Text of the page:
Encyclopedia of Jazz Musicians
Jeanne Lee was one of the most accomplished vocal interpreters of free jazz, who also sought to bring jazz education to children. Her style combined an emotional, spiritual, and moving quality with precise and flexible improvisation. Her commanding range enabled her to sing free jazz scat syllables in dense lines.
Despite her praise from critics - she is often regarded as the most significant singer who emerged from the avant-garde movement of the 1960s - she recorded little, and even less as a leader. Most of her work was recorded on smaller European or Japanese labels such as Birth, BYG Actuel, JCOA, ECM, Black Saint/Soul Note, OWL and Horo.
Born in New York City on January 29, 1939, Lee studied modern dance at Bard College from 1956 to 1960. At Bard, she met pianist Ran Blake, with whom she formed a duo. The pair performed at the Apollo Theater's Amateur Night contest, which they won. Their early concerts and recordings, such as The Newest Sound Around, won praise from critics for being the freshest direction in jazz vocals since Sarah Vaughan.
In his 2000 obituary for Lee in The New York Times, critic Ben Ratliff described Lee and Blake’s recording as having “subtracted swing, but added intellectual coolness, abstruse piano harmonies and vocal influences from Holiday and Washington; the record is a series of minimalist dreams.” The pair toured Europe in 1963 and the following year she moved to California and performed with reedist Ian Underwood and her husband, poet David Hazeltine.
She later married the German vibraphonist Gunter Hampel in 1967, with whom she had a daughter, Cavana Lee-Hampel, and a son, Ruomi Lee Hampel. Her musical collaboration with Hampel in Europe refined her style, as evidenced on her recordings in 1969 with saxophonist Archie Shepp and drummer Sunny Murray.
While at Bard, Lee had studied child psychology ,and in 1970 was awarded a Martin Luther King Fellowship for Urban Studies by New York University to develop a curriculum for elementary school students that combined music and dance with academic subjects. She wrote the textbook Jam!: The Story of Jazz Music for students in grades 4 to 7.
She recorded with alto saxophonist Marion Brown in 1970, multi-reedist Anthony Braxton in 1972, trumpeter Enrico Rava in 1973, alto saxophonist Jimmy Lyons and drummer Andrew Cyrille in 1979, and (1979), and worked with pianist Cecil Taylor. Beginning in 1980, she focused on her own compositions, cerebral, elegant, and sophisticated amalgams of song, dance, and poetry. These include a five-part suite, Emergency, and a ten-act oratorio, A Prayer for Our Time.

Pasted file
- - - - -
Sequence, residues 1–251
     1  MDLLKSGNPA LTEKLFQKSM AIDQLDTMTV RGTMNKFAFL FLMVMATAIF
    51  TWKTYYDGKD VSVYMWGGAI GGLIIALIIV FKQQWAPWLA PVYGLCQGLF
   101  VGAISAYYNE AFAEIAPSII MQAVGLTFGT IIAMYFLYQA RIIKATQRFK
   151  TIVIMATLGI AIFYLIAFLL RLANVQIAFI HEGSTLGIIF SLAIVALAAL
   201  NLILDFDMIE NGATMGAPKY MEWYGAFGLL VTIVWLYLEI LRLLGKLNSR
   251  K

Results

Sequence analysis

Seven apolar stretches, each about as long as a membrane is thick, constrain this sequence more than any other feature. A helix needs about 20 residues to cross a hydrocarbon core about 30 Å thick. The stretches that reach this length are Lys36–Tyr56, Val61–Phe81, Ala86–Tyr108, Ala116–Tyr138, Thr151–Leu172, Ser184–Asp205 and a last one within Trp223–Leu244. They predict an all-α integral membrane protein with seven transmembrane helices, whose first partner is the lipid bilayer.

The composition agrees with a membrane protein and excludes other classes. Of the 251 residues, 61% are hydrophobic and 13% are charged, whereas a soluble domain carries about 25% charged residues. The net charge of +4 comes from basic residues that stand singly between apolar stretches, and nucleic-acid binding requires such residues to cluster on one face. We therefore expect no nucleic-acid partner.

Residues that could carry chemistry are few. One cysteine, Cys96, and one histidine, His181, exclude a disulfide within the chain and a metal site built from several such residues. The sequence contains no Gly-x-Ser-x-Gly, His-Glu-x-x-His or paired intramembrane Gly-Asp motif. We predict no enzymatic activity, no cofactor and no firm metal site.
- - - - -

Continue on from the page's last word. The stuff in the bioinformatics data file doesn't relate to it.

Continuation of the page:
Her recording After Hours, an album of duets with pianist Mal Waldron, consists of standards on which she emphasizes the sensitivity of the lyrics, except Waldron’s “Fire Waltz,” a wordless, casual, yet focused scat meditation. Her haunting expression on “Goodbye Porkpie Hat,” shows an affinity for the diversity of jazz styles within free jazz.
Her album Natural Affinities demonsrates the warm, floating, dark style that is similar to the tone Cassandra Wilson would have a decade later. “I Thought About You” is straightforward, if not unusually slow in its pacing, yet most of the album shows Lee’s haunting voice that was beyond categorization. “Mingus Meditations” even has her recitations of some of bassist Charles Mingus’s autobiography, Beneath the Underdog. Her style used teeth, tongue, and lips to wring each syllable out of the affecting lyrics.
Lee lived in New York from 1994 to 1996 and for the last five years taught music and movement at conservatories in Antwerp, Belgium, and in The Hague. In 2000, she began to suffer from colon cancer, without medical insurance. She died in Tijuana, Mexico on October 25, 2000, at age 61.
Select Discography As a leader:
As a leader:
Natural Affinities, Owl, 1992
with Marion Brown:
Afternoon Of A Georgia Faun, ECM, 1970
with Carla Bley:
Escalator Over the Hill, ECM, 1971
with Rahsaan Roland Kirk:
Prepare Thyself to Deal with a Miracle, Atlantic, 1973
with Jimmy Lyons and Andrew Cyrille:
Nuba, Black Saint, 1979
with Mal Waldron:
After Hours, Owl, 1994
Soul Eyes, RCA Victor, 1997
with Reggie Workman:
Altered Spaces, Leo, 1992
Contributor: Sean Singer